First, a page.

In what is likely to be an all-too familiar episode over the coming months, the club found itself dragged into the Shinawatra affair as it was announced that there was to be an investigation into the origin of the funds used to finance the bid for the club.
After recently having a vast chunk of his assets frozen by the current Thai regime, they are seemingly none too happy at him having managed to be able to lodge his bid for the club, with Chalongphob Sussangkarn, Thailand's finance minister saying:
"This money which would be used for Manchester City is still
a mystery to Thailand, so I cannot tell where the money will be coming from," he
said."I am sure the asset examination commission will look at the source of
these funds and try to see whether they are legal funds that were taken out or
by other means."If the deal goes ahead and the money is paid they will try to
look at it."We don't know yet how he is going to finance it. We won't know until
the deal is finalised."
This was something which was refuted by Keith Harris, who is confident that the monies used to purchase the club is all above board, saying:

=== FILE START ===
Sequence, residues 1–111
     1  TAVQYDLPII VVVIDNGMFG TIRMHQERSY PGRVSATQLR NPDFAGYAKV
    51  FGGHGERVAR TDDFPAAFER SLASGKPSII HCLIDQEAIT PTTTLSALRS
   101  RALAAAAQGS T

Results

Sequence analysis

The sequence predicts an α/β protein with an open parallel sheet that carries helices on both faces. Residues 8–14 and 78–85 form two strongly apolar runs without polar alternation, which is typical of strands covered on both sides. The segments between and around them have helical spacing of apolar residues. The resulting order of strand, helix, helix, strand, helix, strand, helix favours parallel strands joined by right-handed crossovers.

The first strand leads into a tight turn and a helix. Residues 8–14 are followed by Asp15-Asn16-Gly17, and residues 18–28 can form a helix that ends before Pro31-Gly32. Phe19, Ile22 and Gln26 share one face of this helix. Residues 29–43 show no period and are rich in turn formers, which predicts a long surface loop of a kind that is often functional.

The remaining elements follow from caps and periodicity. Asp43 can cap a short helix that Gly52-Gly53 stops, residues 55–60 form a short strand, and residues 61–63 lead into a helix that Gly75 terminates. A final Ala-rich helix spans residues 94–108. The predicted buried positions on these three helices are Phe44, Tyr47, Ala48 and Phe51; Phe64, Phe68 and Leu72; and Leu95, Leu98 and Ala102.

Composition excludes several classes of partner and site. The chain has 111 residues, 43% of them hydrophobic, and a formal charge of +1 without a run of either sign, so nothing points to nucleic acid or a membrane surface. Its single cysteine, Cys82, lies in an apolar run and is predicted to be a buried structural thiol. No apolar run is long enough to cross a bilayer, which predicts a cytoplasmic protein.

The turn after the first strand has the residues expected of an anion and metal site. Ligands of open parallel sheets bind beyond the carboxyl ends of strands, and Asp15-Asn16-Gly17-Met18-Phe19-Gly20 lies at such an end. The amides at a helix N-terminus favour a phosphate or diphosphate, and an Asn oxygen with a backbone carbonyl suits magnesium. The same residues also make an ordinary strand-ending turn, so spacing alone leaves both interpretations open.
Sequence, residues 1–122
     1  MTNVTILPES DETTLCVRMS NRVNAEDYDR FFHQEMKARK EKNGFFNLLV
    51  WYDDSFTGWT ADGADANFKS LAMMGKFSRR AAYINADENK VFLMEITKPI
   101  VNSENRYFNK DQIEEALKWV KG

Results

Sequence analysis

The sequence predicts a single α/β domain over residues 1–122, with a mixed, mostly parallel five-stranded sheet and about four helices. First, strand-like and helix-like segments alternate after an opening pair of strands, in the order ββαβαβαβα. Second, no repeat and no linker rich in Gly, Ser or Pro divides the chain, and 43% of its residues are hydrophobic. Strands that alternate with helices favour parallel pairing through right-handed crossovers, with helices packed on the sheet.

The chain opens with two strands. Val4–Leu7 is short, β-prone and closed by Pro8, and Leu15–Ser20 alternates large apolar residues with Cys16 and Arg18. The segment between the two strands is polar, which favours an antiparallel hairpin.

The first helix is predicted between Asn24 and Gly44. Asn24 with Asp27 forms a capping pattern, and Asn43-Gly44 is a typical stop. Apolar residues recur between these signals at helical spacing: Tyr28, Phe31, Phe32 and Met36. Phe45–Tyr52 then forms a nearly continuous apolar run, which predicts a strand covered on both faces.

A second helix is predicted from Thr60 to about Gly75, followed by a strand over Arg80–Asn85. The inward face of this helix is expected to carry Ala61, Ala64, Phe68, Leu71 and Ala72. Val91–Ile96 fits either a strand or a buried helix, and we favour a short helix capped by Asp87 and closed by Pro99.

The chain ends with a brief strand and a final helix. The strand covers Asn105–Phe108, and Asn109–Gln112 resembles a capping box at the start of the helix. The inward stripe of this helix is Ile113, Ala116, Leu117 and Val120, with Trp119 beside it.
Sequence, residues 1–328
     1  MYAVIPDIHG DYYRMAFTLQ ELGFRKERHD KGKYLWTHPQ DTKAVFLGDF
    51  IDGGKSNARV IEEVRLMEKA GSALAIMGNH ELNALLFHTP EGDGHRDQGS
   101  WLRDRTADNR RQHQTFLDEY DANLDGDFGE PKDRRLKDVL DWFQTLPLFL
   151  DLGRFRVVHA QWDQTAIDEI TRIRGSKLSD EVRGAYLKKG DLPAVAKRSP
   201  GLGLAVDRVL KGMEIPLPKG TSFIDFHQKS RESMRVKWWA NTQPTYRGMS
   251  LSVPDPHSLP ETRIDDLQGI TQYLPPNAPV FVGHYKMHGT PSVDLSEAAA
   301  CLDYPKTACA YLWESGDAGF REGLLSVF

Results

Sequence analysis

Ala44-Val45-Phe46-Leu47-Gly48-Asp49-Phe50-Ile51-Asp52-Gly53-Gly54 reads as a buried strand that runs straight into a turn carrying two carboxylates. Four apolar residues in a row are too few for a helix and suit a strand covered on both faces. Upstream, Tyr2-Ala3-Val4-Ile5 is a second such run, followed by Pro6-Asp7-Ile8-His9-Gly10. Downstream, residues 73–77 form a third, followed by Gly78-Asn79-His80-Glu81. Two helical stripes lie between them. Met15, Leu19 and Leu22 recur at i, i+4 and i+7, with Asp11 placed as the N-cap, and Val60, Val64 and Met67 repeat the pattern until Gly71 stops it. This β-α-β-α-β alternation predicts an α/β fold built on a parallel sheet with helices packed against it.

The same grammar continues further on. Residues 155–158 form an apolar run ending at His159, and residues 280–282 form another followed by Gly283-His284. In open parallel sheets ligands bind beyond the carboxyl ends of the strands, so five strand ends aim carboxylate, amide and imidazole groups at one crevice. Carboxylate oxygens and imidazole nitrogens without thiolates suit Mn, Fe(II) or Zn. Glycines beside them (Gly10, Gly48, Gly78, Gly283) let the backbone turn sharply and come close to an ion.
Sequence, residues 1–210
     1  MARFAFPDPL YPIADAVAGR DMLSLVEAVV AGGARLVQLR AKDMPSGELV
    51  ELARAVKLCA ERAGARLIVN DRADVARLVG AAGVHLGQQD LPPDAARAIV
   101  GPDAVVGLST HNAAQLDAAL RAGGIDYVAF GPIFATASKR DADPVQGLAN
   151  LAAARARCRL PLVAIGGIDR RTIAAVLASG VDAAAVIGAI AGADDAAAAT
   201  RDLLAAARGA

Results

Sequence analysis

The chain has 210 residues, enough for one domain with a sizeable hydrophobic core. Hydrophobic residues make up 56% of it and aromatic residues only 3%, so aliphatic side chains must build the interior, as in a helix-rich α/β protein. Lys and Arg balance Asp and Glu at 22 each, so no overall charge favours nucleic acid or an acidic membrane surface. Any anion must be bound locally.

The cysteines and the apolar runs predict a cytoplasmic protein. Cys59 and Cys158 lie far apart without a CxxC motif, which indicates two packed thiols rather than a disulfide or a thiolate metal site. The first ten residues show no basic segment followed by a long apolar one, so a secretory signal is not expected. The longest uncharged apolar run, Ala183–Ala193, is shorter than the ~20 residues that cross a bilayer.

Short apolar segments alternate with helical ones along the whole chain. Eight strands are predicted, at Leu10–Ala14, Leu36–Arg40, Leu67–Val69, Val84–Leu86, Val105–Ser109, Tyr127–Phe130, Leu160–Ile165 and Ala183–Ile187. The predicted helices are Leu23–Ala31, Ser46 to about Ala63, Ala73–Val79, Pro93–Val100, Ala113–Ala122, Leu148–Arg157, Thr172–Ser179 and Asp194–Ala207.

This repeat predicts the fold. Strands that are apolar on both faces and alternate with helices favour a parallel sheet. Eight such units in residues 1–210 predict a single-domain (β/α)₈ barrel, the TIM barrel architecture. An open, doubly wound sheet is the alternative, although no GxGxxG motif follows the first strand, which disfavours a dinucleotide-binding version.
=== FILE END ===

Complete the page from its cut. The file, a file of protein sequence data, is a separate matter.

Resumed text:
"The money to buy Man City is clean. It has been
legitimately and transparently transferred to the UK."
"A number of his bank accounts have been frozen. Some
of them are personal and some corporate," said Harris.
"But the money used to
finance the takeover and used to invest in the club are in bank accounts in
England and beyond their (the Thai government's) reach".
As I have mentioned previously, one of the dangers attached to the Shinawatra takeover is this very scenario, where his political opponents try to make gain by continually investigating his activities.
This may well just be political manouevering onbehalf of the Thai government, an attempt to put a dampener on some of the publicity generated by his takeover, but still, it doesn't reflect too well on the club and merely provides further ammunition to those in the media who seemingly have an appetite to continually target and criticise the club.